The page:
ILAB0.030.004, 0.620.44< 0.0001, < 0.00010.420.01, 0.001
SLAB−0.020.47, 0.780.090.02, 0.0050.110.07, 0.01
POST0.31< 0.0001, < 0.00010.280.01, 0.01−0.050.37, 0.52
Average0.10 (0.05) 0.28 (0.05) 0.18 (0.07) 
Colouration Q SC P Q ST P Q CT P
DORRED0.040.004, 0.0080.13< 0.0001, 0.00020.090.03, > 0.05
DORGRN0.050.03, 0.00030.16< 0.0001, < 0.00010.120.02, > 0.05
DORBLU0.03> 0.05, 0.050.39< 0.0001, < 0.00010.370.003, 0.006
LATRED0.02> 0.05, > 0.050.39< 0.0001, 0.0010.360.002, > 0.05
LATGRN0.12< 0.0001, < 0.00010.150.02, < 0.00010.04> 0.05, > 0.05
LATBLU0.02> 0.05, > 0.050.13< 0.0001, 0.0040.100.03, > 0.05
DORHUE0.02> 0.05, 0.0070.020.03, > 0.050.01> 0.05, > 0.05
DORSAT0.040.01, 0.040.23< 0.0001, < 0.00010.200.01, 0.03
DORLT0.03> 0.05, 0.020.26< 0.0001, < 0.00010.240.01, 0.02
LATHUE0.10< 0.0001, < 0.00010.21< 0.0001, < 0.00010.13> 0.05, > 0.05
LATSAT0.02> 0.05, > 0.050.34< 0.0001, 0.00040.320.002, > 0.05
LATLT0.01> 0.05, >, > 0.050.05> 0.05, > 0.05
BKGRD0.040.002, 0.00030.71< 0.0001, < 0.00010.700.0002, 0.0006
Average0.04 (0.01) 0.25 (0.05) 0.21 (0.05) 

In contrast to results for phenotypic traits, the amova for microsatellite data (sexes combined) revealed that the overwhelming proportion of variance was within populations. Thus, the averages across nine loci were 96% (± 0.6% SE) within populations, 1% (± 0.3% SE) among populations within ecotypes and 3% (± 0.6% SE) between ecotypes. The average percentages for males and females across all scalation traits are, respectively, 58% (± 7% SE) within populations, 15% (± 8% SE) among populations within ecotypes and 28% (± 10% SE) among ecotypes. The average percentages for males and females for colouration traits are, respectively, 64% (± 6% SE) within populations, 6% (± 1.6% SE) among populations within ecotypes and 30% (± 7% SE) among ecotypes. (These summary figures are from anovas whose P-values are given in Table 4 but are otherwise not reported in this article. Within-population variance components were converted to genetic components using heritability estimates.) Thus, for the two sets of phenotypic traits, on the order of 40% of variation resided among populations (vs. 4% for microsatellites), and the majority of among-population variation resided between ecotypes. This discrepancy between microsatellite and phenotypic traits in among-population differentiation suggests that strong diversifying selection has acted on the phenotypic traits. We computed F- and Q-statistics to conduct a more rigorous test of this selection hypothesis.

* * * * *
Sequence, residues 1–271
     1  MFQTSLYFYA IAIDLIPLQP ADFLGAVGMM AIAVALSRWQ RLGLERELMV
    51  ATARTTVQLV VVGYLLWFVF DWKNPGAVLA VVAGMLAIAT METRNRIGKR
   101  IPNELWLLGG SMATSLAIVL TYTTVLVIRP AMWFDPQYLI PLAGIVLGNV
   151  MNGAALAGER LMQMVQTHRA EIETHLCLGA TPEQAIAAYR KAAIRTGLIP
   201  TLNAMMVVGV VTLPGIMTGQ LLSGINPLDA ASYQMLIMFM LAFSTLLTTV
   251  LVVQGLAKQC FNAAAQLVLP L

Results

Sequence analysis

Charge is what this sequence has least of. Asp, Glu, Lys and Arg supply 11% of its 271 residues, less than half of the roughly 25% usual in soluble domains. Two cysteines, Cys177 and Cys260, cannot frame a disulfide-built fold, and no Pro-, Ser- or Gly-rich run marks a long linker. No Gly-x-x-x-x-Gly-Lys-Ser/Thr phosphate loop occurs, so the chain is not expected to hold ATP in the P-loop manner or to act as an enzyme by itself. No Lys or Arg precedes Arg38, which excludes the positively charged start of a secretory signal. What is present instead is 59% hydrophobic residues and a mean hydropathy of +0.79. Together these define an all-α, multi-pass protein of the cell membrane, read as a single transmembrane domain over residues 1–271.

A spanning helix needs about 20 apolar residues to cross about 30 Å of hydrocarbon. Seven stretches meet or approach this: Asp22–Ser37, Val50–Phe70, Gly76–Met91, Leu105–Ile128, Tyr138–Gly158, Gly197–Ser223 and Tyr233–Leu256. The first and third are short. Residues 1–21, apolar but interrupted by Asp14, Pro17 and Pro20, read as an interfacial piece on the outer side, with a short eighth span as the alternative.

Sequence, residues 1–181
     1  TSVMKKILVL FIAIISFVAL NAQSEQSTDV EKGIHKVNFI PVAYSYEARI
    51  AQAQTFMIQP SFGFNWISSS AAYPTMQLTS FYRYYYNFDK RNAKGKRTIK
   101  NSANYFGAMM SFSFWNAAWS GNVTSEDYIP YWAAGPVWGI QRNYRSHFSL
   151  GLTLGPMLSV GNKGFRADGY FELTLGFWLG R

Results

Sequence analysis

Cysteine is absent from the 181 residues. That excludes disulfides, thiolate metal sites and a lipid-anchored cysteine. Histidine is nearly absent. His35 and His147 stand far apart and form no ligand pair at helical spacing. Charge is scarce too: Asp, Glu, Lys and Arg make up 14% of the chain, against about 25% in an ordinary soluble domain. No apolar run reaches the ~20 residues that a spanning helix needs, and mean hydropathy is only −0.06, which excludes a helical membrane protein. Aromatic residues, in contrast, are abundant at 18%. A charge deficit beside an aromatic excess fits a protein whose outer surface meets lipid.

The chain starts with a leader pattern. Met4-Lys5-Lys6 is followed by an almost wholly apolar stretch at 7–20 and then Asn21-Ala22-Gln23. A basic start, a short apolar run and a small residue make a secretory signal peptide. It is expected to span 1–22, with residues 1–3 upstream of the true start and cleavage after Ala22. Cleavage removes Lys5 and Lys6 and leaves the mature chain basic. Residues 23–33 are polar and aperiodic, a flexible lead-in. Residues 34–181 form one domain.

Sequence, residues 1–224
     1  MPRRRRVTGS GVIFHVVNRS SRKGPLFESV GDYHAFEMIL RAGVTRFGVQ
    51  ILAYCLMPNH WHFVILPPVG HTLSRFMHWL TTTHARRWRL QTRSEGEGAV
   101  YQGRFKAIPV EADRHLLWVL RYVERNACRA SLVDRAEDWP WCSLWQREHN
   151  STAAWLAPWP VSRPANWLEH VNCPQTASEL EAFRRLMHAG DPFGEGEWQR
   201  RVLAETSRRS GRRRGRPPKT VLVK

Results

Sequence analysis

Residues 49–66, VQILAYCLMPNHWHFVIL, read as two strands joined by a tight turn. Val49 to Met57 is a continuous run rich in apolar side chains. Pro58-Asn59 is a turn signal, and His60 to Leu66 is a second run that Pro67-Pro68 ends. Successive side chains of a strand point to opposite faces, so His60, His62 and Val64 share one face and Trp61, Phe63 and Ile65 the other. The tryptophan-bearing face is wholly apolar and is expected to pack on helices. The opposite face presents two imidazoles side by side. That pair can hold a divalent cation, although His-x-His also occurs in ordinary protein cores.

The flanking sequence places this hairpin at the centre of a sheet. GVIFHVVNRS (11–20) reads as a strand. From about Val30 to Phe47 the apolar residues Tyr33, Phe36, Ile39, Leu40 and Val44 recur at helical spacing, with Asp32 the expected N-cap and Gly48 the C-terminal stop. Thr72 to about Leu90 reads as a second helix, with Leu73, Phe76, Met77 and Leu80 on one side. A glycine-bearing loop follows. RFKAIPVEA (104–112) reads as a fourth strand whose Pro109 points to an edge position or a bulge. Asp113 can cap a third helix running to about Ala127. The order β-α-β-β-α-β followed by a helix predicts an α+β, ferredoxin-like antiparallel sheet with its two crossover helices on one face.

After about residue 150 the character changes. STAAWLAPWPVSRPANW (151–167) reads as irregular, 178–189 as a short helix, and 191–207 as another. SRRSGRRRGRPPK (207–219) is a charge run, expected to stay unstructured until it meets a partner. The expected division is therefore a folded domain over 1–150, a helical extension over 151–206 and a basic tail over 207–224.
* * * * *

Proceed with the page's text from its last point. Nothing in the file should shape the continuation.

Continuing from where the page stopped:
Fixation statistics revealed major differences between microsatellite and phenotypic traits in population differentiation (Table 4). In the case of the microsatellites, population differentiation (FST) accounted for an average of only 0.04 (± 0.01 SE) of total variation. Although for individual loci, FST ranged from only 0.004 to 0.06, this degree of differentiation was statistically significant (at the α = 0.01 level) for seven out of nine loci. Virtually none of this proportion of among-population differentiation could be attributed to differences between ecotypes. On the average, FCT was only 0.02 (± 0.01 SE), and FCT values were not significant for any of the nine loci. We were able to detect significant variation among populations within ecotypes. FSC averaged only 0.01 (± 0.004 SE), but six out of nine loci showing significant values (at the α = 0.05). The large variation in population sample size (16–140) may impact estimates of population subdivision, so we repeated the amova using a dataset with more equalized population sizes (16–30 individuals; described in Manier & Arnold, 2005). These results were virtually identical for FSC and FCT, and similar for FST (0.03 instead of 0.04).